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Keppel, Sembcorp Marine refute bribery allegations

Companies separately deny paying bribes to Brazil's scandal-plagued oil giant Petrobras

Keppel Corporation and Sembcorp Marine have separately refuted claims of bribery in Brazil involving scandal-plagued oil giant Petrobras.


KEPPEL Corporation and Sembcorp Marine have separately refuted claims of bribery in Brazil involving scandal-plagued oil giant Petrobras.

Last week, the Brazilian media reported claims that Keppel FELS and a firm referred to as "Jurong" had paid bribes to Petrobras directors and PT, which stands for Partido dos Trabalhadores, and is also known as Brazil's Workers' Party.

When contacted yesterday, Keppel said: "We refute allegations made in the media reports on Keppel FELS' involvement in the scandal surrounding Petrobras." Keppel FELS is a wholly-owned subsidiary of Keppel Offshore & Marine.

"We would like to emphasise that Keppel Group has a code of conduct which prohibits, among others, bribery and corruption. Our employees are required to conduct themselves with integrity, in an ethical and proper manner, and in compliance with the applicable laws and regulations of the countries in which we operate, including anti-bribery laws," the conglomerate added.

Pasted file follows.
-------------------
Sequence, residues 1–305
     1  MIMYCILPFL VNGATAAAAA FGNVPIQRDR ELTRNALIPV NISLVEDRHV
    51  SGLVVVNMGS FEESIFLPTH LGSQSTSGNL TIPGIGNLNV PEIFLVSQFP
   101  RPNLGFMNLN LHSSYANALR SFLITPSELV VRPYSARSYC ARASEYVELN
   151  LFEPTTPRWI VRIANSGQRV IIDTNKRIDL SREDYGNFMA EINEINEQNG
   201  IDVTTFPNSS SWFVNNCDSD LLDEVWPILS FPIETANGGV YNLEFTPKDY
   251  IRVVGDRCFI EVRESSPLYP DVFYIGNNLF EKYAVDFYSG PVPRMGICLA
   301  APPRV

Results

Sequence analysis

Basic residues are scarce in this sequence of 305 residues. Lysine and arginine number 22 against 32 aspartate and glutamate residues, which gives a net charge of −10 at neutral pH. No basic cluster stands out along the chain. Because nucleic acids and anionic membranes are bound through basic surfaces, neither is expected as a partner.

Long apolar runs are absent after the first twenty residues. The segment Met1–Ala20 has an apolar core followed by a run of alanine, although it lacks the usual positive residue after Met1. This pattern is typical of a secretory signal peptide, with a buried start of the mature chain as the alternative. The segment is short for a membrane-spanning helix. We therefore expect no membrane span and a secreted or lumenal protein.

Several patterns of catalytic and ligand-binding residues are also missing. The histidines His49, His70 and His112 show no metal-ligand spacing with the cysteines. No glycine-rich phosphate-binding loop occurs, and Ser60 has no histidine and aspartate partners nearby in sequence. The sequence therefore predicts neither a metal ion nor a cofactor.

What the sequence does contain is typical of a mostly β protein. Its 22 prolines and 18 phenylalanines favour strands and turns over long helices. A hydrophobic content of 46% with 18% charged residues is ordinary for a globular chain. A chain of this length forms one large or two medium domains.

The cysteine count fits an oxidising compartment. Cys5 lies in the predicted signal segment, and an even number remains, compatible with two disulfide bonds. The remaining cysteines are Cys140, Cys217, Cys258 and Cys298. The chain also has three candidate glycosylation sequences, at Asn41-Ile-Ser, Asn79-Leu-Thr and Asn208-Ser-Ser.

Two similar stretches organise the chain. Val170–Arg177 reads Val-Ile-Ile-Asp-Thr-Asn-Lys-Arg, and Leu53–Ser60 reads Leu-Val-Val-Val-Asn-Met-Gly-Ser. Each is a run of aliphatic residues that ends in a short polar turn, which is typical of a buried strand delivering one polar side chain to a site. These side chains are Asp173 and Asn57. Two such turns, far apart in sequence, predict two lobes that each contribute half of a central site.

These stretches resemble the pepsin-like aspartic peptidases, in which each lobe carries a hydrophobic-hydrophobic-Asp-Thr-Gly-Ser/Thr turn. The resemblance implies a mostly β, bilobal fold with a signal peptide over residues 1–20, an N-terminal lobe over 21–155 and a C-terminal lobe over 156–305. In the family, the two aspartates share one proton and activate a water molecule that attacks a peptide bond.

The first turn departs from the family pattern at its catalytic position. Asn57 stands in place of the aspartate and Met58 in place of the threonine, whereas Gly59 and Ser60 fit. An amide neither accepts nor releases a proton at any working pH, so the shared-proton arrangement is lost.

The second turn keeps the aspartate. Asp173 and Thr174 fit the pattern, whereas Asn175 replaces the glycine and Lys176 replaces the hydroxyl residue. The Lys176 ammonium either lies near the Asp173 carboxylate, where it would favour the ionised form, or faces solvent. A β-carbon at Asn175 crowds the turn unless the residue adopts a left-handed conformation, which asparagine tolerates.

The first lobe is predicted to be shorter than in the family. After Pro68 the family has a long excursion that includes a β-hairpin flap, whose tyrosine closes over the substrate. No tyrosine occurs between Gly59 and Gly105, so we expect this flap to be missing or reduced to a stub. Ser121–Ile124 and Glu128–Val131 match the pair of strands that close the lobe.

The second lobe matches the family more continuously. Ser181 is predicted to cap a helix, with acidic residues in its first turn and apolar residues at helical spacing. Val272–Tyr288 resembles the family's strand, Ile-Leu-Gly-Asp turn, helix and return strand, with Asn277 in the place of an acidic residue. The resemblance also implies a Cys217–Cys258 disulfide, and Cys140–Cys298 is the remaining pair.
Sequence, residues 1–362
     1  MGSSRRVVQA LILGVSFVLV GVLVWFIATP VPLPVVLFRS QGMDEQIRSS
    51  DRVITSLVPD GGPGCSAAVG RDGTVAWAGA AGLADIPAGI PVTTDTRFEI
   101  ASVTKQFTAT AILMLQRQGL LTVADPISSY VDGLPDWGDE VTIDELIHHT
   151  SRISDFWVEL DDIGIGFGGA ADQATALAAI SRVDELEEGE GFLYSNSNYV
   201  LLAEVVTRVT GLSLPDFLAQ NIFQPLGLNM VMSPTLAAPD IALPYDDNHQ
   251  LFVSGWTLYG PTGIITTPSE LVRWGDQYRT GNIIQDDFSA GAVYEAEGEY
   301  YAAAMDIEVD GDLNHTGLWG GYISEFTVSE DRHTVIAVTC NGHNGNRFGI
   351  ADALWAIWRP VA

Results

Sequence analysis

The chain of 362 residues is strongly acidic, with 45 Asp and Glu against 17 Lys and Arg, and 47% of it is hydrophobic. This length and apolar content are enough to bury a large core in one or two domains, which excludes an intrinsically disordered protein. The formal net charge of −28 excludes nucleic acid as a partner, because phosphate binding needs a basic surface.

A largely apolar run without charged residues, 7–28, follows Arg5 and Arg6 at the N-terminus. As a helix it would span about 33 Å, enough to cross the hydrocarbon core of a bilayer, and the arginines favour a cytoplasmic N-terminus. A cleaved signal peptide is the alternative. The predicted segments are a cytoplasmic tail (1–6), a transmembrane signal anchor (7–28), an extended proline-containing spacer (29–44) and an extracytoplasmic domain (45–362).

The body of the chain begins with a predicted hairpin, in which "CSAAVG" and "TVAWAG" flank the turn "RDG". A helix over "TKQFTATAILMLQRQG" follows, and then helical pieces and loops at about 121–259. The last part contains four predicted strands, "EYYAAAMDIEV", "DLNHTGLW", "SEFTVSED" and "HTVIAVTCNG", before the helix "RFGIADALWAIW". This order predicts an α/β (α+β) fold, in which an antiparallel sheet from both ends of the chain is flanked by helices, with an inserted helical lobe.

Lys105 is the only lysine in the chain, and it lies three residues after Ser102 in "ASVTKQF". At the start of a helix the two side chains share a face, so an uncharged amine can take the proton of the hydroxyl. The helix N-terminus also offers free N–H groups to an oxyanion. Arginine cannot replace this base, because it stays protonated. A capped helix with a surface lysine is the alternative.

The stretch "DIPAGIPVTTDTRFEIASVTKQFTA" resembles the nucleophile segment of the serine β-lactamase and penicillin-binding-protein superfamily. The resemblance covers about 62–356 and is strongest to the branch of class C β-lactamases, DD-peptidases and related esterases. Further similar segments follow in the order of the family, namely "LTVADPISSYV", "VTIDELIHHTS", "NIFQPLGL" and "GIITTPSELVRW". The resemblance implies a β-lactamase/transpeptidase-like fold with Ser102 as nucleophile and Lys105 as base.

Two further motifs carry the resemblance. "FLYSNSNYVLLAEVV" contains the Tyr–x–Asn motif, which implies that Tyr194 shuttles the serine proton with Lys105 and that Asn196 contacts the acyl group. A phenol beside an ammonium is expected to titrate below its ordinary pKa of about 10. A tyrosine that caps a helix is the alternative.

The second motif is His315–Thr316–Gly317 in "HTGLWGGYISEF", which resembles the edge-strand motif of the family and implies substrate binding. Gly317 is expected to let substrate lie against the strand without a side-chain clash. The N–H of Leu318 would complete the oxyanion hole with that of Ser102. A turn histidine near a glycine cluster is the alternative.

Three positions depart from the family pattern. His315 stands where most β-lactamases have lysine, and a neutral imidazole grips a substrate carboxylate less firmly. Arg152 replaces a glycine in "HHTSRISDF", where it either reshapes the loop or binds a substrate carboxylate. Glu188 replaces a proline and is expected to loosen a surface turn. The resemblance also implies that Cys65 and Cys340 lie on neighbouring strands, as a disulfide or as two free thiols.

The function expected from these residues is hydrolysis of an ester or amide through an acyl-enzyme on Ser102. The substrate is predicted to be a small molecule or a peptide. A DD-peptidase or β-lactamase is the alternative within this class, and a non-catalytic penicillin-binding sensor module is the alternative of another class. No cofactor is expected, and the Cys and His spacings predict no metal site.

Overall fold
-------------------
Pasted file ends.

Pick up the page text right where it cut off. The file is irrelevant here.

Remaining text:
Sembcorp Marine, whose shipyard in Brazil - Estaleiro Jurong Aracruz - had also been mentioned in the media reports, said: "Sembcorp Marine did not make any illegal payments and the group's policies and contracts prohibit bribery and unethical behaviour."

The bribery claims come from statements made by Pedro Barusco, a former executive at Petrobras's engineering and services division.

These statements have emerged as part of the latest development in Operation "Lava Jato" or Operation Car Wash - the investigation that the Brazilian authorities have been carrying out on money-laundering and corruption schemes involving the state-run oil company.

Last week, the CEO of Petrobras and five of the company's senior executives were forced to resign, as it emerged that the group had lost up to US$33 billion in 2014 because of corruption and inefficiency.

In its response to a query by The Business Times, Keppel noted that Zwi Skornicki - an individual mentioned in reports as representing Keppel in discussions about the alleged payments - is an employee of Eagle do Brasil, which is the agent of Keppel FELS in Brazil.

"Keppel FELS had conducted due diligence review of Eagle do Brasil and Zwi Skornicki. Further, the agency agreement with Eagle do Brasil categorically states that Eagle do Brasil and Zwi Skornicki "shall not make, either directly or indirectly, any improper payment of money or anything of value to an Official in connection with the contract,'" Keppel said.

"In addition, Eagle do Brasil's services are not exclusive to Keppel FELS, and it is also an agent to other reputable multinational companies."

Keppel also clarified that it makes "various contributions in Brazil, which include social welfare programmes, community activities and political donations".

"All of our various contributions are made according to and within local laws and regulations, which are documented in the respective companies' records and audits," it said.